out of the church, no one would hold them back.
Because, we are taught, or, Scientology is a teaching
which they learn... teaches them to be free. And
freedom means that they are self-determined, so
... that would be the exact opposite to the teachings,
if they were to hold someone back.
But that is exactly what happened in the Fort
Harrison hotel, according to the reports of ex-Scientologists.
This is why Bob Minton demonstrates in front of
the so-called religious headquarters. After speaking
with former sect member from many parts of the
USA, Minton is convinced:
Minton: There is a long list of former cult victims
who have come to great harm in this hotel.
What has been confirmed is that in Fort Harrison
a 36 year old woman spent the last days of her
life. The police have been working on Lisa McPherson's
case for over two years. In 1994, the Scientologist
had given half of her income for sect courses.
One year later, she celebrated her "clear"
status. This is a Scientology level of enlightenment
which promises particular happiness. Only two
months later, she pulled off all her clothes after
a minor auto accident and said, "I need help."
An ambulance brought her to the emergency room.
Then several Scientologists showed up. Lisa went
with them back to Fort Harrison. What happened
there has still not been explained.
Scientologists did note down, in detail, how her
condition was rapidly deteriorating.
Scientology notes: "Tried to feed her. She
ate nothing. Needs two liters of liquid, when
she wakes up. Has scratches and sores all over
On the seventeenth day, the Scientologists finally
decided to bring Lisa McPherson to the hospital.
However, they drove her past a nearby hospital.
They did not stop at the next one, or the hospital
after that. They brought her on a 45 minute ride
to the New Port Ritchie Hospital, because that
is where a Scientology doctor was working. Too
late for Lisa McPherson. She died emaciated and
almost without liquid in her body. The next step
is for the district attorney in Clearwater to
decide whether any charges will be brought against
the Scientologists. The medical examiner has confirmed
the existence of bleeding and skin wounds which
look like insect bites. The autopsy report named
the cause of death as a blood clot in the lung,
combined with excessive bed rest and severe dehydration.
Aunt Dell Liebreich is the next of kin of the
deceased. She is suing Scientology for 144 million
marks ($100 million) damages. This is not about
money, she says. She wants to obtain a judgment
against those who, in her opinion, are responsible
for Lisa McPherson's death.
Aunt: I think it's terrible. How could they just
sit there and watch somebody die? They didn't
help her. They watched Lisa die.
On the second anniversary of Lisa McPherson's
death, Scientology critics held a memorial service
in front of Fort Harrison. Bob Minton was there,
thousand counter-demonstrators accused Clearwater's
police chief of conducting a witch hunt against
the church. What does Sandy Weinberg, Scientology
attorney, say to the medical examiner's conclusion
that Lisa died of dehydration?
That is what the medical examiner said in her
autopsy report, but this woman is mistaken, and
she has a strong prejudice against Scientology.
Would you say that the test results were tainted?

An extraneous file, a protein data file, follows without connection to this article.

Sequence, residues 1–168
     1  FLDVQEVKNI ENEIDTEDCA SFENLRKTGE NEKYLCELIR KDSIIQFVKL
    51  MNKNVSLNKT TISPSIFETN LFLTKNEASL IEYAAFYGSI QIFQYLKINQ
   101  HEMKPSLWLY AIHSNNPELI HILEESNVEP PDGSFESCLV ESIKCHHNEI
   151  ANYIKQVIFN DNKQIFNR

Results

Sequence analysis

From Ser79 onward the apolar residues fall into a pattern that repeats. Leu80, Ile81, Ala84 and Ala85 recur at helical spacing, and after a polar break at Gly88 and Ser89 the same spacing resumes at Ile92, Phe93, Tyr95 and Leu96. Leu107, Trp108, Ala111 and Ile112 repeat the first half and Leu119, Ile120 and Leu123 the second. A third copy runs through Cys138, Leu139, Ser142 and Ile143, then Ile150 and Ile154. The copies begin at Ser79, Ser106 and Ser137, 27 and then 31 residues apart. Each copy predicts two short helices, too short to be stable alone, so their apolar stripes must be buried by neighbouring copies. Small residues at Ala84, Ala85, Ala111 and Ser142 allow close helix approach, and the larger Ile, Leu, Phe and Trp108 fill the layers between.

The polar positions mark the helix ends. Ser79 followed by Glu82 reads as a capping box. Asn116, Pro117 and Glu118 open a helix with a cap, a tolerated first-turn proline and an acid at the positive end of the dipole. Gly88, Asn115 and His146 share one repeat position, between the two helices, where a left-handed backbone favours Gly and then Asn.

The blood clot that caused the embolism in the
lungs was not caused by severe dehydration, but
came, quite certainly, from an earlier injury.
Attorney Ken Dandar is suing Scientology on behalf
of Lisa's aunt. His fee is being paid by the millionaire,
Dandar: The Scientologists have absolutely no
medical proof of their blood clot theory. Everything
indicates that Lisa died a slow, painful death.
The clot let blood flow through. Without water
you're dead. Lisa had to die because she did not
want to be subject to the laws of the Scientologists.
She wanted to leave the church. There are several
witnesses to that. She did not want to give in,
and the Scientologists let her die.
For the sake of caution, many residents of Clearwater
would rather not say anything about the Scientologists.
But this man told us:
1: When I grew up, Clearwater was a nice little
town. When you go downtown today, you see Scientologists
all over the place. (imitates robot) Like zombies!
Oh, they don't bother me. They are nice young
people. I don't understand why they are there,
but they are just nice-looking, young people.
2: All I know is that Ron Hubbard wrote this book.
For me that is a religious cult. And I know that
a lot of land here belongs to them.
Most of the Scientologists of Clearwater live
in this well-guarded compound. The appearance
of our camera team was immediately reported. As
was the fact that Gabe Cazares accompanied us.
He was mayor when the sect came to Clearwater
in the 1970's.
Cazares: I don't know if this fence is supposed
to keep people out, or keep the Scientologists
in. Nobody goes in or out without the OK of the
In the middle of the interview, the former mayor
suddenly stops talking. Brian Anderson, the Scientology
speaker, has appeared, and Gabe Cazares, after
a legal battle, does not want to say another word.
to Anderson: Did you just want to say hello to
Anderson: German television shows up here and
brings a few demonstrators with them.
Are we bothering you?
Anderson: Exactly. With your puppets that are
The former mayor would rather hold our interview
a few kilometers away, in Clearwater's downtown.
As we get there, Scientologist Brian Anderson
is there waiting for us.
Scientologist Anderson stayed right on our heels
during the time that former Mayor Cazares told
us how it all began.
In the mid 70's, the Scientologists bought the
first two buildings under false names. Today,
Clearwater is an occupied city. The Scientologists
claim that they have renovated the inner city,
but what they've done here, is brainwashing.
That's not right. We have nothing to hide.
May we go into the Fort Harrison Hotel?
I'd only like to bring upright people with good
hearts in there, not people who are trying to
bother our residents. Let me say something once
and for all: We'll be here ... forever. (Taps
plaque). Our name is on this plaque.